A surviving spouse’s elective share in Florida is often the subject of litigation in the Florida Probate Court. Under Florida statutes, a Florida surviving spouse has the right to a share of the elective estate of the decedent. A surviving spouse’s elective share is defined by Florida statute as an amount equal to 30 percent of the elective estate.
In Malleiro v. Mori, Florida’s Third District Court of Appeal considered the competing wills of a nonresident – one will executed in New York, and one will executed in Argentina - to determine which will validly devised Decedent’s estate. This issue is particularly important in Florida, where many people from foreign countries and other states come to enjoy their retirement years.
One of the hallmark principles of estate administration is the personal representative’s right to take possession of all of the decedent’s property. Fla. Stat. § 733.607(1). However, this provision of the Probate Code also provides that such property can be left with the person presumptively entitled to it. In the face of this language, disputes arise as to (i) whether property is, in fact, the decedent’s property; and (ii) whether someone other than the personal representative has a right to possession of the property during administration.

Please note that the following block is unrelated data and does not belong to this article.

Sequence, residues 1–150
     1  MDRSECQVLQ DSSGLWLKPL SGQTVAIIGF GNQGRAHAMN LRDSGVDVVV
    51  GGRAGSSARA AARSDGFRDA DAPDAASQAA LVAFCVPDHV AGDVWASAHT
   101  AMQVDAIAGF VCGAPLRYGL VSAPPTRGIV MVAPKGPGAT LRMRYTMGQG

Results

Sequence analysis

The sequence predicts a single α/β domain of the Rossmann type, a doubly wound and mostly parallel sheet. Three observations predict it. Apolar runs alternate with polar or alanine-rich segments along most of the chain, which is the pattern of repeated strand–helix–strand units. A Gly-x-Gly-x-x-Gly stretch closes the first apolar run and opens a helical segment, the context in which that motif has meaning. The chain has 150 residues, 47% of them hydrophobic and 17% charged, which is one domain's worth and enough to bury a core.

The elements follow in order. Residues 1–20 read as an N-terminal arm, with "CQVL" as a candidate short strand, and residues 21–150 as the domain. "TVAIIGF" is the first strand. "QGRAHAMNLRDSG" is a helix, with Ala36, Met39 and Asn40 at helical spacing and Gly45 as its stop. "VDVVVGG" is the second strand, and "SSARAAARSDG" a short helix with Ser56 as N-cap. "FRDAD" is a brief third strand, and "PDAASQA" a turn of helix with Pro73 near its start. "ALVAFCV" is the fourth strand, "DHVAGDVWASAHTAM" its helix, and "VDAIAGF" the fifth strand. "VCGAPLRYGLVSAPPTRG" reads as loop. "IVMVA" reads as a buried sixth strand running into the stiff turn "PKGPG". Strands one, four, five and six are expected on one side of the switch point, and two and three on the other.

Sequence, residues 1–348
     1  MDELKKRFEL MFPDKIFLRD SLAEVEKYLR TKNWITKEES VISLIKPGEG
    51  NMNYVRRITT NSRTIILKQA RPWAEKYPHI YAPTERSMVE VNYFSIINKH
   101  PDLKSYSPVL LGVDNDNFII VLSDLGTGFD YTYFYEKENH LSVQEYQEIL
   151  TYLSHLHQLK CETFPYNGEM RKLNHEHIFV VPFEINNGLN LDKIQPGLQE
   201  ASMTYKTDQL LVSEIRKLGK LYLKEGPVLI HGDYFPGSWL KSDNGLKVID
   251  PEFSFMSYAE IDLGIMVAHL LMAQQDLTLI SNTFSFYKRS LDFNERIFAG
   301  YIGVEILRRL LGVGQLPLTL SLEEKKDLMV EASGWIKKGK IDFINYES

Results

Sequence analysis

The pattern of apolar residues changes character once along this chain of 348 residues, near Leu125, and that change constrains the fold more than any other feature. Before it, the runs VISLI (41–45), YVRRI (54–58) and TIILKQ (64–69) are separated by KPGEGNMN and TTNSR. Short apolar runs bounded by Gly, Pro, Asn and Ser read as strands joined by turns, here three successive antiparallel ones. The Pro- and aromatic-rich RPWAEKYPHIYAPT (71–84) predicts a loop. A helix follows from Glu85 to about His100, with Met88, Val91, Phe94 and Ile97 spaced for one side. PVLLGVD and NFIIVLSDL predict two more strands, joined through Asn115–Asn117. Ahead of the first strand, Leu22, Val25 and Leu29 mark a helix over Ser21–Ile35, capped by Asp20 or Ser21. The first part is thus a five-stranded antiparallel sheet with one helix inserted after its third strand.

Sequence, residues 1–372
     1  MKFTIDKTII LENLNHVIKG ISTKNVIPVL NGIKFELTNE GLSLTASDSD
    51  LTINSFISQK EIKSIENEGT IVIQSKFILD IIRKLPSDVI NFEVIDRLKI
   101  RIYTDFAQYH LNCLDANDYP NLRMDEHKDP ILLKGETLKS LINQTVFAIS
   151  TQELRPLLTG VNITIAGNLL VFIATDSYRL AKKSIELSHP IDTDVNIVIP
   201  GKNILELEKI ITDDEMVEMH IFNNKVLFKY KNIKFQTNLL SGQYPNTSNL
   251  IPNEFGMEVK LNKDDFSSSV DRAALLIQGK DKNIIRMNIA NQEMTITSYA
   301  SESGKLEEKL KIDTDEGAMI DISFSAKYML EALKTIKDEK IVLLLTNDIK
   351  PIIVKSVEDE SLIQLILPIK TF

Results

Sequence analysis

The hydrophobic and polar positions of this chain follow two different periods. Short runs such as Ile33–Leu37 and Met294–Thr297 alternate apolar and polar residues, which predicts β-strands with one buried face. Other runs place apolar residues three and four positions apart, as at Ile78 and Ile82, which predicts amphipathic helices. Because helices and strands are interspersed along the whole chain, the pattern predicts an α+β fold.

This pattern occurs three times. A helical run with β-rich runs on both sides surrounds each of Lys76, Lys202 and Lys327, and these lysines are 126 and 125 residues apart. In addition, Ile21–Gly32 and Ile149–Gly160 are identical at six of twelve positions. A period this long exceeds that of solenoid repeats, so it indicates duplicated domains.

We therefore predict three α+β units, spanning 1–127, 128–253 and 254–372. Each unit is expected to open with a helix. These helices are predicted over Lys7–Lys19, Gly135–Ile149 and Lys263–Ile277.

Due process is a common issue that comes up in cases concerning all areas of Florida law. In Flegal v. Guardianship of Peter R. Swistock, Sr., due process rights were at issue in the context of a Florida guardianship involving the joint titling of stocks between a ward and his daughters.
A hearty congratulations is extended by Clark Skatoff, P.A. to Daniel Bushell, Esq. and Bushell Appellate Law P.A., for the recent victory in the Fourth District’s decision, Carroll v. Israelson, No. 4D13-4532 (Fla. 4th DCA July 1, 2015). In Carroll, the Court held that any provision in a will in favor of a divorced spouse is treated as if the surviving former spouse predeceased the decedent. Under Section 732.507(2), Florida Statutes, the provision in favor of the surviving former spouse becomes void at the time of the dissolution of marriage, not at the time of the decedent’s death.